(A) Comparison of DIC scores reveals that all valence-dependent models perform better than the valence independent model. The same results were observed when comparing Bayesian Predictive Information Criterion scores [16], see Table 1. A model including a valence dependent drift rate and starting point outperformed all other tested specifications according to both measures. Models are ordered as in Table 1. (B & C) A histogram of individuals’ parameter estimates. The green line represents the best fitting normal distribution. The dashed line marks the value of unbiased parameters. (B) For 62% of participants, the estimated starting point was biased towards the desirable boundary (to the right of dashed line). (C) For 87% of participants, the estimated drift rate was greater when in the desirable than undesirable factory (bias to the right of dashed line).

Our replication study also returned an identical pattern of results—a DDM model in which drift rate and starting point were valence-dependent provided the best fit to the data (supplementary material).

To evaluate whether the above model specifications would benefit from including collapsing boundaries rather than a fixed decision threshold, we also fitted a model where the decision threshold was expressed as a Weibull cumulative distribution function (fit individually to each participant; see Methods). The results of this exercise suggest that the observed data was unlikely to be generated by a process with collapsing boundaries, as the model with fixed boundaries outperformed the model with collapsing boundaries both when participants judged a factory as desirable (AIC: fixed = -626.42, collapsing = -277.8616) and when judging a factory as undesirable (AIC: fixed = -597.38, collapsing = -263.2509). The parameters describing when the boundaries collapse (scale parameter difference between desirable and undesirable condition = 0.034, 95% CI [-0.66, 0.73], t(83) = 0.099, p = 0.92) and to what extent (scale parameter difference between desirable and undesirable condition = -0.66, 95% CI [-3.23, 2.02], t(83) = -0.49, p = 0.63) did not differ as a function of response type, suggesting that any observed biases were unlikely a result of a difference in collapsing decision thresholds.

Valence-dependent model provides better out of sample predictive accuracy than valence-independent model.

To test for predictive accuracy, we fitted both the winning model (which includes valence dependent drift rate and starting point) and the valence-independent model to data from even trials and evaluated how well the models predicted responses on odd trials using mean absolute error (MAE) as a measure of fit (Fig 4). The winning model predicted log reaction times better than the valence-independent model (MAE valence-dependent = 0.66, MAE valence-independent 0.70; comparison: t(3295) = -5.49, p < 0.0001), as well as judgements (MAE valence-dependent = 0.098, MAE valence-independent 0.110; comparison: t(3295) = -4.10, p < 0.0001) and accuracy (MAE valence-dependent = 0.097, MAE valence-independent = 0.108; comparison: t(3295) = -3.89, p < 0.0001). We fit a psychometric function to each of the model’s simulated responses. This clearly shows that while the valence dependent model reproduces the pattern of observed results (Fig 1B; indifference point for desirable β0 = 1.37, 95% CI [0.40, 2.33] vs. undesirable β0 = -1.91, 95% CI [-2.41, -1.42]), the valence independent model did not (Fig 1C; indifference point for desirable β0 = -0.17, 95% CI [-0.53 0.17] vs. undesirable β0 = -0.15, 95% CI [-0.47, 0.16])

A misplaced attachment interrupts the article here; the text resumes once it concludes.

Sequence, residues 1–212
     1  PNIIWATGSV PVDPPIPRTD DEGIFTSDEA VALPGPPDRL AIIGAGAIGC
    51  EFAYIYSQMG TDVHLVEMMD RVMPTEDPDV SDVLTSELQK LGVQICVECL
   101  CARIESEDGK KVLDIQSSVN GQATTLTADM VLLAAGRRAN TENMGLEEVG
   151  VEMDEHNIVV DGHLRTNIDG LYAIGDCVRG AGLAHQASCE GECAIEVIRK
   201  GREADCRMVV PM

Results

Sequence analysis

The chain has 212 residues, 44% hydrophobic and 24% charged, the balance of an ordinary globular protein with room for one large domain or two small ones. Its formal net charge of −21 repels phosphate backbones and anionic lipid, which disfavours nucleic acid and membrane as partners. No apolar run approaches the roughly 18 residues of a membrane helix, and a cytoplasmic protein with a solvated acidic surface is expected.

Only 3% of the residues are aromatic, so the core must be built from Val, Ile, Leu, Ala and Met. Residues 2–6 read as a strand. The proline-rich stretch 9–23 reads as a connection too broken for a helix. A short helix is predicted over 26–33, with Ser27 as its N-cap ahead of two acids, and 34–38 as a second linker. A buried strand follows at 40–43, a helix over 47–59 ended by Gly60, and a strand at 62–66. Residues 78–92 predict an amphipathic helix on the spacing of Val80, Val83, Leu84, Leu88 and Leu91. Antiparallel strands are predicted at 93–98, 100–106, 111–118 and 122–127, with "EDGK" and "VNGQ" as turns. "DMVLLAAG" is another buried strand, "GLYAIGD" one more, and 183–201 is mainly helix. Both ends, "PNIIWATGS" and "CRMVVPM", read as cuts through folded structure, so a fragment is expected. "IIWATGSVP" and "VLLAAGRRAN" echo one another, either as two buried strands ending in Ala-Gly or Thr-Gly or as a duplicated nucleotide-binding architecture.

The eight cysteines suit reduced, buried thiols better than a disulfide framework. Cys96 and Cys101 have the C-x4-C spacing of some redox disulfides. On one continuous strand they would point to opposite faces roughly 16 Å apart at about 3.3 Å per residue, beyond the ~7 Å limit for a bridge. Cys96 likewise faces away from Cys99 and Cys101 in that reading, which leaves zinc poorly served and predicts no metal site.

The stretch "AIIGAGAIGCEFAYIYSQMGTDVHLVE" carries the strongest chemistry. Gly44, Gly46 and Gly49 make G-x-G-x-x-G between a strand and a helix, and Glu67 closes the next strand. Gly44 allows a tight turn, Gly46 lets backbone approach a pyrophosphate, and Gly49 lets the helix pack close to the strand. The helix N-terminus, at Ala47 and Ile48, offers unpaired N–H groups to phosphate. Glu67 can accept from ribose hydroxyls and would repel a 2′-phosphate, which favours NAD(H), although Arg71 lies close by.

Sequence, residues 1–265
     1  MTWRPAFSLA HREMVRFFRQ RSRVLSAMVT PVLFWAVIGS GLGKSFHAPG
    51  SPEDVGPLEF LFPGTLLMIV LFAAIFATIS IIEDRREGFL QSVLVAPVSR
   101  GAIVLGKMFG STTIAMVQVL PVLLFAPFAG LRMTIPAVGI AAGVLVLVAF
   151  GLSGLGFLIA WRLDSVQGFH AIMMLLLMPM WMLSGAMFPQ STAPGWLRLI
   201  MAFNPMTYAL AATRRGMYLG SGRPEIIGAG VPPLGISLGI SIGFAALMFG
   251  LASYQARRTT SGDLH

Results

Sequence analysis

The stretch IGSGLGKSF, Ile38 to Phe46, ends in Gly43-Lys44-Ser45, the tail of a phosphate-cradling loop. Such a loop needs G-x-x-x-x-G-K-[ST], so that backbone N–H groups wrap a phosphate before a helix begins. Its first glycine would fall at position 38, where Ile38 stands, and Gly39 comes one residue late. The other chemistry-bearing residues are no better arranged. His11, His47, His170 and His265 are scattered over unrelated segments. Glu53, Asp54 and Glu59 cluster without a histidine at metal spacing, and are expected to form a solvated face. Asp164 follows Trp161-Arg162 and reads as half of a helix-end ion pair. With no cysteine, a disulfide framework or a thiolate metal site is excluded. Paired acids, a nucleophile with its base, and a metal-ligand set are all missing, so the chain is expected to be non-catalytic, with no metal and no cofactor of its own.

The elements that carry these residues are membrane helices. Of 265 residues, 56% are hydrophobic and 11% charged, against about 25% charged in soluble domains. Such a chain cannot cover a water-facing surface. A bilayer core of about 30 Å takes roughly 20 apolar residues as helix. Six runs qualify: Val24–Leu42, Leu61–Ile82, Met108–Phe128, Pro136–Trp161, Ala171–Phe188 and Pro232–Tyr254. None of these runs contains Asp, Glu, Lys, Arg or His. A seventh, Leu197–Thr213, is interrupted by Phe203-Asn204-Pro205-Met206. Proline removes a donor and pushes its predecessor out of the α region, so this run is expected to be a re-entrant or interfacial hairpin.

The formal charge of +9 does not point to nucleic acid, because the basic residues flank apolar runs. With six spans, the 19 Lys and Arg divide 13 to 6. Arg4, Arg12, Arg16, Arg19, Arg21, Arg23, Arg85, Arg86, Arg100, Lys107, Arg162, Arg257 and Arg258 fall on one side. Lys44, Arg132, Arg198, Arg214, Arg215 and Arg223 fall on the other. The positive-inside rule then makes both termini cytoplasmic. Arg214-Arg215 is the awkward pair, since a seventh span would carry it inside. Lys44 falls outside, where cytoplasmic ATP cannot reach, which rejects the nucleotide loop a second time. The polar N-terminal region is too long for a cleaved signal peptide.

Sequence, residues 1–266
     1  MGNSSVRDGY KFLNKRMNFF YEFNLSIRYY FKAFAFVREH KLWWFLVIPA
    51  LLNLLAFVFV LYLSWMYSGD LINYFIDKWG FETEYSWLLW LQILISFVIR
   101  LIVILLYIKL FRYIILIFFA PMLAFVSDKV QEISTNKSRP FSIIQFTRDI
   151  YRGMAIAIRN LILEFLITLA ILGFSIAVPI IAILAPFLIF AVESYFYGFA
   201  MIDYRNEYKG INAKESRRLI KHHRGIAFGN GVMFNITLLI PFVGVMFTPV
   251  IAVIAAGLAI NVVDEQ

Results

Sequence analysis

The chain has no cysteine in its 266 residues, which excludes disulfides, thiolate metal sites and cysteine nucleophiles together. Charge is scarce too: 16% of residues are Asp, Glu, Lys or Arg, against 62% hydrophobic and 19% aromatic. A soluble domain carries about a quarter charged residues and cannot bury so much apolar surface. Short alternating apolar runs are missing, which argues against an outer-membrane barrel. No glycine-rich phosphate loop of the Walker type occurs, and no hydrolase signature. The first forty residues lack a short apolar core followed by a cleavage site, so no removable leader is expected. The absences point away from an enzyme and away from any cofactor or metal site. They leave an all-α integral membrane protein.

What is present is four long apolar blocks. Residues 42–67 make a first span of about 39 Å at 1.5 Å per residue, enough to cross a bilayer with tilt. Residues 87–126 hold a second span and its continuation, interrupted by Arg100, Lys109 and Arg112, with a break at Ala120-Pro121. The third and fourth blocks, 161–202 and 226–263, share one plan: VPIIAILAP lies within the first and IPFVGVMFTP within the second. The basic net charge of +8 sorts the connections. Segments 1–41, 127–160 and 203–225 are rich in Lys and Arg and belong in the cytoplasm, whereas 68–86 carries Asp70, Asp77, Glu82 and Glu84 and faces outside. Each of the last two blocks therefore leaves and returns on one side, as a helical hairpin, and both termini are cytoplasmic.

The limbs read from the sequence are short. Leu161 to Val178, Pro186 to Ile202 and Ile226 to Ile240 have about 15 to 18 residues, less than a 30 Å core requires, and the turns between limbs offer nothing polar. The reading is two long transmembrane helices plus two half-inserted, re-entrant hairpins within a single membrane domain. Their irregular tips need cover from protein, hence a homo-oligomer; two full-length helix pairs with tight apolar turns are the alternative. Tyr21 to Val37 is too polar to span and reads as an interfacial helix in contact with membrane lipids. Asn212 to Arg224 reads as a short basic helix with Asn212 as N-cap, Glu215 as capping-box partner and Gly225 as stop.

Fig 4. Valence-dependent model provides better predictive accuracy than valence-independent model.

We simulated data on odd trials, based on parameter estimates obtained from fitting the data on even trials, separately for the winning valence-dependent model and the valence independent model. For each trial we calculated (A) the absolute difference between the observed RT and the simulated RT for each model and then averaged these quantities for each participant. We did the same for participants’ (B) judgments (i.e., desirable or undesirable responses coded as 1 and 0) and (C) accuracy (i.e., correct or incorrect responses coded as 1 or 0). For all three measures mean absolute errors were significantly lower for predictions arising from the valence-dependent model than the valence-independent model. *** P < 0.001, Error Bars SEM.


The findings show that motivation has a profound effect on the process by which evidence is accumulated. On trials in which participants indicated they believed the state was desirable, they ceased gathering data earlier and required a smaller proportion of samples to be consistent with that conclusion. We used a computational model to characterize the underlying factors that may generate this behavior. The model revealed two factors; first, participants began the process of evidence accumulation with a biased starting point towards the desired belief. Thus, they required less evidence to reach that boundary. Second, the drift rate–the rate of information accumulation [14]–was greater on trials in which participants were in the desirable state than the undesirable state. If only a bias starting point was observed, this would have indicated that people might make fast errors, but with time/evidence would have corrected their initial biases. The existence of a process bias, however, makes correction more difficult. While participants incorporate both desirable and undesirable evidence into judgments, the larger weight assigned to desirable evidence means that biases could increase over time with more evidence accumulation. These results indicate that the temporal evolution of beliefs is influenced by what people wish to be true and that evidence accumulation is valence dependent. That is, the rules of accumulation depend on whether the data is favorable or unfavorable.